Senate Minority Leader Mitch McConnell, R-Ky., joined at right by Sen. Richard Shelby, R-Ala., listens during a Senate Rules Committee markup on the “For the People Act” at the Capitol in Washington, Tuesday, May 11, 2021. The bill was already passed by Democrats in the House. (AP Photo/J. Scott Applewhite)
UPDATED 7:20 AM PT – Wednesday, May 12, 2021
Republicans are pushing back against Democrats in the fight to preserve election integrity. On Tuesday, lawmakers in the Senate Committee on Rules and Administration hashed out their differences on the For the People Act, also called S.1. GOP lawmakers held the line on their position that the bill would weaponize America’s election system in favor of Democrats.
“The Democratic Party on its own wants to rewrite the ground rules of American politics for their benefit,” stated Senate Majority Leader Mitch McConnell. “We all know that’s what this is about. It’s hard to imagine anything that would erode public confidence in our democracy more drastically.”
Sen. Ted Cruz (R-Texas) called the bill the “most radical bill” he’s seen during his time in the Senate. He lambasted provisions dwindling states’ power to administer their own elections and attempts to secure future elections.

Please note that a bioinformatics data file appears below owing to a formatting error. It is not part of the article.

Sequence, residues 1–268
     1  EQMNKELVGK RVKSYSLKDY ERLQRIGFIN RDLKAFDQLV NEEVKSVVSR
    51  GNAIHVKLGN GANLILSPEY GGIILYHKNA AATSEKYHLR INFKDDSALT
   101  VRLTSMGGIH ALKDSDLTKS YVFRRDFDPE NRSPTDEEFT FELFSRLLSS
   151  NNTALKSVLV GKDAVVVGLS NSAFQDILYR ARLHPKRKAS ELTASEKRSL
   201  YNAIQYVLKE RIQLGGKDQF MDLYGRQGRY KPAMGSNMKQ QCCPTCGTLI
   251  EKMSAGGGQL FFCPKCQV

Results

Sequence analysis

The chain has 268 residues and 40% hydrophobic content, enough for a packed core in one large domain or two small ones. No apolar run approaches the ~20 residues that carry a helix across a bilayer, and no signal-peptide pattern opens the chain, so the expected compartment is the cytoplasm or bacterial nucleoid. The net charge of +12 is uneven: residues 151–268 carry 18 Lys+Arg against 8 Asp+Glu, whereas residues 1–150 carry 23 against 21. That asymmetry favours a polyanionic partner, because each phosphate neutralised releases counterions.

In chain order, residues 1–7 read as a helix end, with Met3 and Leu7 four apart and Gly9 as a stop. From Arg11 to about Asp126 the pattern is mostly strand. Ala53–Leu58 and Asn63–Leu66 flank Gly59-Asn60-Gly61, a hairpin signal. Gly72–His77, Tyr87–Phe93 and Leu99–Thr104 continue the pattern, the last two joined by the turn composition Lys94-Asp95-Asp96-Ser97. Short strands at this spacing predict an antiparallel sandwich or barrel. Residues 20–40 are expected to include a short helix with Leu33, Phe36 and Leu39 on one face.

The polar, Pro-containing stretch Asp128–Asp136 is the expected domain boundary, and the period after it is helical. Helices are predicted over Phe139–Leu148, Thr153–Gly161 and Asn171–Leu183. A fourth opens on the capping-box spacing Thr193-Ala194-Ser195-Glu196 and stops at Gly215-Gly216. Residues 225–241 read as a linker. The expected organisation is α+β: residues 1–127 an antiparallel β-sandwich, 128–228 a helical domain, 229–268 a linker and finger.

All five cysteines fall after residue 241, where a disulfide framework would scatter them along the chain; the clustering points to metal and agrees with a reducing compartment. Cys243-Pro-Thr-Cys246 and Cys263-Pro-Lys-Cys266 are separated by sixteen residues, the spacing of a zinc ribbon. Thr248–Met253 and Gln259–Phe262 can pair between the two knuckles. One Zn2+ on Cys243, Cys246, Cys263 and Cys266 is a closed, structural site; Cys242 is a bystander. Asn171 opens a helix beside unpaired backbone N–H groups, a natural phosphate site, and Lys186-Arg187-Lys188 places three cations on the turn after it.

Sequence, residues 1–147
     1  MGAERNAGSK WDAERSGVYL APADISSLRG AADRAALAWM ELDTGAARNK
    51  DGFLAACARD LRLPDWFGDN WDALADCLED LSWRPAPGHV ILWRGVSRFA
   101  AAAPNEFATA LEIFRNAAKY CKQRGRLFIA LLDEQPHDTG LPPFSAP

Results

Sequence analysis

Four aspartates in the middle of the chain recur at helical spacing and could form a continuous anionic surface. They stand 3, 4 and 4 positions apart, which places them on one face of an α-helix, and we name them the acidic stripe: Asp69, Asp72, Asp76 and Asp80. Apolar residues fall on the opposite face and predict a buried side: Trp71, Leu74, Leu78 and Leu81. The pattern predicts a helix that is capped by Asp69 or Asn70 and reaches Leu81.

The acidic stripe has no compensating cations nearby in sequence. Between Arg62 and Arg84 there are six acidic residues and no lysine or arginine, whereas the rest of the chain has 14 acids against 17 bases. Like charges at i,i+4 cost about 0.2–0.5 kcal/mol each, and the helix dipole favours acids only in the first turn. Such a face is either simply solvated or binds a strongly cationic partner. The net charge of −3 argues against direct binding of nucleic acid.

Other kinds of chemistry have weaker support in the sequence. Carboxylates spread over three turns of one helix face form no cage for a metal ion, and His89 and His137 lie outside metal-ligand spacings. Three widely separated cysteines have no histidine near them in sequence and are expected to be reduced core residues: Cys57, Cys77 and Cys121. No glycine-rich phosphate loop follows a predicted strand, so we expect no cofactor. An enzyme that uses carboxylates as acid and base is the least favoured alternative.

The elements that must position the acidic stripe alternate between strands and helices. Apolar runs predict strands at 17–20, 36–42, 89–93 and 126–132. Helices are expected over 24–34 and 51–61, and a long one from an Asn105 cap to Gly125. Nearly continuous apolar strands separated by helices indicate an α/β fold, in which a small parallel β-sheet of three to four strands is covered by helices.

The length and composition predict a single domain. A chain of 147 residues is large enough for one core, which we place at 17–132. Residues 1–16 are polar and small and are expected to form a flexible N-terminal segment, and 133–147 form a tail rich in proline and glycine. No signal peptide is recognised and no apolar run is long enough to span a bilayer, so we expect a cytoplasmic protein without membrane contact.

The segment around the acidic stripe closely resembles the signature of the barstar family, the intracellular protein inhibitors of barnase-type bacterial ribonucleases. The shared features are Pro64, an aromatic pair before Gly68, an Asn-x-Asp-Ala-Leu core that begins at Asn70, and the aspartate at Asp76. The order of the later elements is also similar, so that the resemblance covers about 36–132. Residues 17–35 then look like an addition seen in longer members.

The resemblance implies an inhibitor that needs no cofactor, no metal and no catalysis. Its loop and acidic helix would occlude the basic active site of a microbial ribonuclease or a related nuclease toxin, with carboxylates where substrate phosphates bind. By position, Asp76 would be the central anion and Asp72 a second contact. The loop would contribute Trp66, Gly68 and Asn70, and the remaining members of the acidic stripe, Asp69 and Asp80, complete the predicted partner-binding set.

The Texas lawmaker noted the bill would make it illegal for states to require voters to show their ID’s and instead promotes ballot harvesting. He warned this could lead to corruption and voter fraud.
Additionally, Cruz claimed Democrats are trying to expand their voter base. He asserted that they believe granting voting rights to convicted felons and illegal immigrants will add more voters to Democrat Party.
“This legislation would disenfranchise millions of Americans,” he stated. “Many of us are referring to this legislation as the ‘corrupt politicians act’…this legislation is designed to ensure that Democrats never lose another election.”
Junior Sen. Bill Hagerty (R-Tenn.) aired his grievances about S.1’s efforts to turn the Federal Election Commission (FEC) into a partisan body. The bill would shrink the number of commissioners from six to five, which welcomes the possibility of stacking Democrats in the majority.
Additionally, Hagerty claimed the bill aims to funnel taxpayer funds into federal elections.
In the meantime, the vote did not get reported out of the committee as both sides of the aisle remained evenly divided. However, Democrats are confident that Senate Majority Leader Chuck Schumer (D-N.Y.) will use his power to bypass Republican opposition and bring the bill to the Senate floor.